Costly Pretrial Agreements
Leonardo Felli () and
Giovanni Immordino ()
The Journal of Legal Studies, 2019, vol. 48, issue 1, 159 - 188
Settling a legal dispute involves some costs that the parties have to incur ex ante for the pretrial negotiation and possible agreement to become feasible. Even in a full-information world, if the distribution of these costs is sufficiently mismatched with the distribution of the parties’ bargaining powers, a pretrial agreement may never be reached even though litigation is overall wasteful. Our results shed light on two key issues. First, a plaintiff may initiate a lawsuit even though the parties fully anticipate that it will be settled out of court. Second, the likelihood that a given lawsuit goes to trial is unaffected by how trial costs are distributed among the litigants. The choice of fee-shifting rule can affect only whether the plaintiff files a lawsuit in the first place. It does not affect whether it is settled before trial or litigated.
References: View references in EconPapers View complete reference list from CitEc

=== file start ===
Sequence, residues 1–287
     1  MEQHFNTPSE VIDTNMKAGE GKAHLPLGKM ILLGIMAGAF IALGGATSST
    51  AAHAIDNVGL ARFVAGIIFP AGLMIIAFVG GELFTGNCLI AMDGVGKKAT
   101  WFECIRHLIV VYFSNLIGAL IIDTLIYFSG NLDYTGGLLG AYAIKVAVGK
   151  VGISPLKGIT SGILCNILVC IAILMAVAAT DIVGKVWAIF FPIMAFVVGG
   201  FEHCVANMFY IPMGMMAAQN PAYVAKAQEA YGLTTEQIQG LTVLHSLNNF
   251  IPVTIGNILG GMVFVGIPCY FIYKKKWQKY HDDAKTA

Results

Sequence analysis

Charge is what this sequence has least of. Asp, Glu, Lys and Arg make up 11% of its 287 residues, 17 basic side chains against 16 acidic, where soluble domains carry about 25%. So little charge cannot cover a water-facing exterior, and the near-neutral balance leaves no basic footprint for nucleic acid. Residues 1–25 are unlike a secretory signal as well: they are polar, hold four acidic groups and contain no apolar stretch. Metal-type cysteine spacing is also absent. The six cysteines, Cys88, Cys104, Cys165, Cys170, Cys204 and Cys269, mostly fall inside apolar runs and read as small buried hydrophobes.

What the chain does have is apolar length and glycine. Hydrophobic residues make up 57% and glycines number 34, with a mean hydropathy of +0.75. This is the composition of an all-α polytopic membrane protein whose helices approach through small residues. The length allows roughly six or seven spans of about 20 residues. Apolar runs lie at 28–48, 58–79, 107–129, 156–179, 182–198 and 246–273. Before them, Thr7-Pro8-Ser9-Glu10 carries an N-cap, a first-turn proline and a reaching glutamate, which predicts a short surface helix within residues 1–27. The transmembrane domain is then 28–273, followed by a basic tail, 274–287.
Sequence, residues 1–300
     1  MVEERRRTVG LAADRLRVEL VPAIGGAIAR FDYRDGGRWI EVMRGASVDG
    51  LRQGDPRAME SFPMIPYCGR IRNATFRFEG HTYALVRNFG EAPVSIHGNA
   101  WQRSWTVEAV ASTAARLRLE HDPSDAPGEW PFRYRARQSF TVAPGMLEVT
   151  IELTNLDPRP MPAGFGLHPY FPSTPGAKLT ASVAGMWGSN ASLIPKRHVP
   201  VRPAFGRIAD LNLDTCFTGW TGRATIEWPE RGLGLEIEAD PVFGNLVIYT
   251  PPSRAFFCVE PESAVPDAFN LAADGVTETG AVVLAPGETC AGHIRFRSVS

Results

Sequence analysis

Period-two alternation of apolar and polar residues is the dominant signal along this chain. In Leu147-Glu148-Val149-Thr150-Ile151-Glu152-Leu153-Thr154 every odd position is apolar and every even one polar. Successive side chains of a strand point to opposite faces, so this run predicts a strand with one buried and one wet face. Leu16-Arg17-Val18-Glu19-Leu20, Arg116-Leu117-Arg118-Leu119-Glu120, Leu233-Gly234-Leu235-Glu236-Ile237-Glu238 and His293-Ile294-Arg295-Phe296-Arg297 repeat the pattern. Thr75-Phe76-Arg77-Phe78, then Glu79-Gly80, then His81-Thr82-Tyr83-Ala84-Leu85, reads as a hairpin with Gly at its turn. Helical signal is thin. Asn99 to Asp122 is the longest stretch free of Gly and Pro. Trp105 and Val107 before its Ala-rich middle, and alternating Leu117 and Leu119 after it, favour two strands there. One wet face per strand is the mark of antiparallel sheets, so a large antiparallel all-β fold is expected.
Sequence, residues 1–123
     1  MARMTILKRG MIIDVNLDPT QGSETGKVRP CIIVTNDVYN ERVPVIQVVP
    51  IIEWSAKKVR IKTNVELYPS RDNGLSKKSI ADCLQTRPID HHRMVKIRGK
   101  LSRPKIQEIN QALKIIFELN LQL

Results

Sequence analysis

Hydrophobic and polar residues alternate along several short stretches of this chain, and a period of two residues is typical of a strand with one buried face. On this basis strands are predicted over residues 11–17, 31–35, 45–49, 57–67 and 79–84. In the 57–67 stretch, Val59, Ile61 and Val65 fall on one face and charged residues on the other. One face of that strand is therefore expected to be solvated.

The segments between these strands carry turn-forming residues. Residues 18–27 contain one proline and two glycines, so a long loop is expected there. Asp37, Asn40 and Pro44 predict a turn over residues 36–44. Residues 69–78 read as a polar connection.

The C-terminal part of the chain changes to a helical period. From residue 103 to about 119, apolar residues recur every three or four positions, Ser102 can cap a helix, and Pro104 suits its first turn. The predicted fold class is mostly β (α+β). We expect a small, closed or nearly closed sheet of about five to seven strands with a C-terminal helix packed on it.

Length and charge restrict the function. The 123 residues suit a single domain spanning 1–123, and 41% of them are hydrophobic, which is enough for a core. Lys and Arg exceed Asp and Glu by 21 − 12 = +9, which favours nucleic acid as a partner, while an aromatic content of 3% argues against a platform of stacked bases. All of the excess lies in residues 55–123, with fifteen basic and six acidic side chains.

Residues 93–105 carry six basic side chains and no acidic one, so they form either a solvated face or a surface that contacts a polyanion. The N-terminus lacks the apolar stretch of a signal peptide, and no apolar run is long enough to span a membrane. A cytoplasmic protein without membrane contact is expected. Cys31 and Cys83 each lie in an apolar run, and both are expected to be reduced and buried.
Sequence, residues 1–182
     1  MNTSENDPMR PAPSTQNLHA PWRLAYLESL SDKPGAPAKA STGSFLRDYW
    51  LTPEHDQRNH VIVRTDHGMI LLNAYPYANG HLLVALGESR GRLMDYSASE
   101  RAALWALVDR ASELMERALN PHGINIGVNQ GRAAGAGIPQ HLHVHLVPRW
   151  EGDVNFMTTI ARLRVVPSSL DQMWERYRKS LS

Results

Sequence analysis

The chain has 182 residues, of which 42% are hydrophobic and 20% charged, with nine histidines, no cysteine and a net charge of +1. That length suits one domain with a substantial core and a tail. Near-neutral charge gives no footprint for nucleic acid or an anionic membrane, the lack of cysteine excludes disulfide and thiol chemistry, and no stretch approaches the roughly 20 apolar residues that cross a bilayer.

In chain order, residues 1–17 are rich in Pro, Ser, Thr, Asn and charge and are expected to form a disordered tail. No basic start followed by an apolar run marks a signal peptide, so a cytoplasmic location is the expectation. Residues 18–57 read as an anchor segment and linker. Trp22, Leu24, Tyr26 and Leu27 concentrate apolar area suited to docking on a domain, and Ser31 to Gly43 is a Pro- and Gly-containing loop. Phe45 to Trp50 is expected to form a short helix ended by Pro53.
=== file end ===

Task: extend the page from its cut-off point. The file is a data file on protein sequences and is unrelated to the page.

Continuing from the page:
Citations: Track citations by RSS feed
Downloads: (external link)
Access to the online full text or PDF requires a subscription.
Working Paper: Costly pretrial agreements (2019)
Working Paper: Costly Pretrial Agreements (2018)
Working Paper: Costly Pre-Trial Agreements (2018)
Working Paper: Costly Pretrial Agreements (2016)
This item may be available elsewhere in EconPapers: Search for items with the same title.
Export reference: BibTeX
RIS (EndNote, ProCite, RefMan)
Persistent link: https://EconPapers.repec.org/RePEc:ucp:jlstud:doi:10.1086/699841
Access Statistics for this article
More articles in The Journal of Legal Studies from University of Chicago Press
Bibliographic data for series maintained by Journals Division ().